The Military Curse Part Deux: The Fun Continues.

“Baby, you’re sick. Go to the doctor!” My husband’s words were concerned, but strict.

Was he kidding? Does he not remember the whole, we-have-six-kids thing? And even when the oldest four are in school, I’m left to take the two toddlers to the hospital to contend with, all by myself, all while feeling craptastic. No, thank you.

I would consider it if it were worth going any more, but it’s not. Military doctors used to tell us “If the fever lasts more than 24 hours, come in.” We would be seen, thoroughly, have a prescription written, and onwards home we went, to begin feeling better sooner than later. Now, their new favorite line is “It’s just a virus.” Regardless of how long the fever’s lasted or how sick we are, we’re slapped on the wrist for being “silly worriers” and sent off our merry way told to medicate with good ol’ ibuprofen and to drink plenty of fluids. Why the heck would I waste my time going there for some silly virus and to be made fun of?

Let’s not forget what it’s like getting the brush-off by docs while bringing small children, who think all the knobs and buttons to push, along with medical instruments and the spinny doctor’s chair are awesomely fun. Who opencloseopenclose the doctor’s drawers, punch on his keyboard, try knocking over his jar of humongous Q-tip swab thingies and torturous tongue depressors.

“No, babe. I’ll be fine, I’m just going to stick it out at home. If I get worse, then I’ll go in.”

He grumbled and bemoaned my choice, but agreed—knowing I was already having a hard enough time without him. Unfortunately for me, I did have to go in the next day. And because the Military Curse Gods were smiling down at me, they had to add a powerful antibiotic to the mix. One that knocked me sideways to kill the infection. Because raising six kids alone while hubby’s away wasn’t hard enough already.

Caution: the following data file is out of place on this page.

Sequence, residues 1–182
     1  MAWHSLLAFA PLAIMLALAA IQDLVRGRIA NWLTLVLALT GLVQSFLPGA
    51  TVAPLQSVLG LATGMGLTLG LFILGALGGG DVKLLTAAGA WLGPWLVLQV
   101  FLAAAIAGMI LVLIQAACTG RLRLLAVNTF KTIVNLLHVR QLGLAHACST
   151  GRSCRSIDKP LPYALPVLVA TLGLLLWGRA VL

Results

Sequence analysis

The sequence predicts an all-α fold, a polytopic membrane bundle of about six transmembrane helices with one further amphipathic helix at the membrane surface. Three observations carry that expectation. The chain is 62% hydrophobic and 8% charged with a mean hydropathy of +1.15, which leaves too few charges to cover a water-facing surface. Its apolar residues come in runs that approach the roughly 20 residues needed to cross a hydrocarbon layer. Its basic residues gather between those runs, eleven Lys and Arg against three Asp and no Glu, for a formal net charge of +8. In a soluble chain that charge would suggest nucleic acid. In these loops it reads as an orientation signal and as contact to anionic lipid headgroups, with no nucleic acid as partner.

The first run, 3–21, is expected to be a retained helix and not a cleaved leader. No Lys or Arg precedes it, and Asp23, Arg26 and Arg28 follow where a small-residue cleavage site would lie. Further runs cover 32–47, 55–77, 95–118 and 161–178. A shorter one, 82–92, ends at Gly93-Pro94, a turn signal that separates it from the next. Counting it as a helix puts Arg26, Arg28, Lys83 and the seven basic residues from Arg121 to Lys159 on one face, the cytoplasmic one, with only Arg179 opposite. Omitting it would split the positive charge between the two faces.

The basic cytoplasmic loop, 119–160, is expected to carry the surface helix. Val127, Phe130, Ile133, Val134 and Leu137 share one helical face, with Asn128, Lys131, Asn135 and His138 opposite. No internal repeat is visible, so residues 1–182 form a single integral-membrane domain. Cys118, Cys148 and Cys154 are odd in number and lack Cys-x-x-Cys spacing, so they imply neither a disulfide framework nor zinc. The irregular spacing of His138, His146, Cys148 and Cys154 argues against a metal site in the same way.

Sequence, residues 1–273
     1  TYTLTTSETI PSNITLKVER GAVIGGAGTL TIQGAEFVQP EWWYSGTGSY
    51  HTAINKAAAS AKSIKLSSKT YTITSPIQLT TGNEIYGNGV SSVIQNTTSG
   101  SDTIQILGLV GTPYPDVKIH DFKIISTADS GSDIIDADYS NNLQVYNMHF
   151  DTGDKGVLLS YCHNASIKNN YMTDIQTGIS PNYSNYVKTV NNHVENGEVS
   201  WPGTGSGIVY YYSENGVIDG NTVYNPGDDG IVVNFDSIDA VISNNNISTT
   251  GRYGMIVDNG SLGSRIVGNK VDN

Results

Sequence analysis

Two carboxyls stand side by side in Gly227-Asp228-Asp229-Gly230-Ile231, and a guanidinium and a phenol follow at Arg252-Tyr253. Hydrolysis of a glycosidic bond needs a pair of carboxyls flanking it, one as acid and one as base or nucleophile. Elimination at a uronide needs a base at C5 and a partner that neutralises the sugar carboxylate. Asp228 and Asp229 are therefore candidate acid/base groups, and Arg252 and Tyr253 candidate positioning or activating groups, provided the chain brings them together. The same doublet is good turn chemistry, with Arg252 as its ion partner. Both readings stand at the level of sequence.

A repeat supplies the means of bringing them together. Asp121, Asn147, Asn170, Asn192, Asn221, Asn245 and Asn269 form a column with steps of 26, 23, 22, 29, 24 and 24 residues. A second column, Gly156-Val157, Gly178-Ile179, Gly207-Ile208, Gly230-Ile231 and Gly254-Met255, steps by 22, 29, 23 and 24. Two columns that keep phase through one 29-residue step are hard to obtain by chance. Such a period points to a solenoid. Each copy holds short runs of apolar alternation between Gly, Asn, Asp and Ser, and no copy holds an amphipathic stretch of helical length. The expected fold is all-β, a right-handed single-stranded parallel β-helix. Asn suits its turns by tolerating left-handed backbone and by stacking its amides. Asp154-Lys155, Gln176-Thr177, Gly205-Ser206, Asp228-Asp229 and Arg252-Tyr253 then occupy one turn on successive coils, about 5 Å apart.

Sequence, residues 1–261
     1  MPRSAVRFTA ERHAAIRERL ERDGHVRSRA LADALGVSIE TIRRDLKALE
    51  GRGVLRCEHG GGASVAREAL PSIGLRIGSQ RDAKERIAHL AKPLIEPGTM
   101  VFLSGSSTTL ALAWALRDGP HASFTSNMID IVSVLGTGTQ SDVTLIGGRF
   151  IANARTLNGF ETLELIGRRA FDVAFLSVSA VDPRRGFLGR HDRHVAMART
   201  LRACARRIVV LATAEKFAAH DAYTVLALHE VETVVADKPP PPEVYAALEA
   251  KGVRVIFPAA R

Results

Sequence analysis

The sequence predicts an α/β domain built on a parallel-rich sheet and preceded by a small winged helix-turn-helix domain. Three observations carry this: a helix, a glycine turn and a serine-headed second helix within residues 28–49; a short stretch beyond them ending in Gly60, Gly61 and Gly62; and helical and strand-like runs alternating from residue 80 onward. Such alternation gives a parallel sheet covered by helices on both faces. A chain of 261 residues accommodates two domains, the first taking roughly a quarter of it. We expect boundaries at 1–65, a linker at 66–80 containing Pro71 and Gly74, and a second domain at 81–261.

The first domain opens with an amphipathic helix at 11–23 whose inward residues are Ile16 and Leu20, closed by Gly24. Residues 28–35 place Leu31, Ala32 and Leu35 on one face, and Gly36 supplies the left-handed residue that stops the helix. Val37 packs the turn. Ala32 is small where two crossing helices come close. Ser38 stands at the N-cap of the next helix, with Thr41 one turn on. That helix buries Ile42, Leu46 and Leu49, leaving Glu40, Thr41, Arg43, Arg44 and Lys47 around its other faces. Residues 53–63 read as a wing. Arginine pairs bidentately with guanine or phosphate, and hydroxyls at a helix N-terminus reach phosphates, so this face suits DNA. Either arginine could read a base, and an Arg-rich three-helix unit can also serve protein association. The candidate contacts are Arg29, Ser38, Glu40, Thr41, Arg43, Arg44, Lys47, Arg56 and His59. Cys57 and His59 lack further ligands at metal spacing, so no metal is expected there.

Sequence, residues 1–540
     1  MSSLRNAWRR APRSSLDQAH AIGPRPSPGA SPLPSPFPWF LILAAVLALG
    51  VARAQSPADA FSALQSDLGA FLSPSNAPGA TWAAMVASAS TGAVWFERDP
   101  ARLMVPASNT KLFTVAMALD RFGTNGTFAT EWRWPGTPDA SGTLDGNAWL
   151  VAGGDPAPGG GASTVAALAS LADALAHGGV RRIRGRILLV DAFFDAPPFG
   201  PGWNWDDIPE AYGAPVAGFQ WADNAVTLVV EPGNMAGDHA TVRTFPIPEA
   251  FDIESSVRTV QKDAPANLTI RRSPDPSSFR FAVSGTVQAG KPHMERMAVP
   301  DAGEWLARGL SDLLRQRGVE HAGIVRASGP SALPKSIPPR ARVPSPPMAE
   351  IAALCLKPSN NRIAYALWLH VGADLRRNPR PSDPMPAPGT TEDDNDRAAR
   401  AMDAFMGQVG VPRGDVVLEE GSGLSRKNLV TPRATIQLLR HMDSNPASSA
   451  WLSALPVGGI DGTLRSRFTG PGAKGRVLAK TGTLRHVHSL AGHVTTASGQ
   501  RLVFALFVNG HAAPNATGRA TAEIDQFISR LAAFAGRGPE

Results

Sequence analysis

About Lisa D.

Once upon a time, Lisa was born and raised in New York, a land where there was a corner deli, Italian restaurant, and Dunkin Donuts with delicious coffee on every corner. And, despite horrific traffic, accents and expletives a-plenty, life seemed to make sense. Enter an Army husband, six kids (b. 1995, 1999, 2000, 2004, 2007 and 2008) and three states later, her family of eight are living the military life in the (very) deep south far from anything familiar, let alone making sense. Once a business management major, Lisa now uses her management skills to keep soccer practices, doctors appointments and juggling six kids' schedules in order, all while trying to cram their big family into small Army housing. You can find her regularly McGyvering things back together using shoelaces and bubble gum with a breastfed baby on her hip, all while baking from scratch and pretending her hair color isn't from a bottle. She finds sanity in gardening, baking cookies, working out so she can eat bake more cookies, playing with her family, and writing about her parenting (mis)adventures. Lisa can also be found at seeking sanity in the bottom of her coffee cup.

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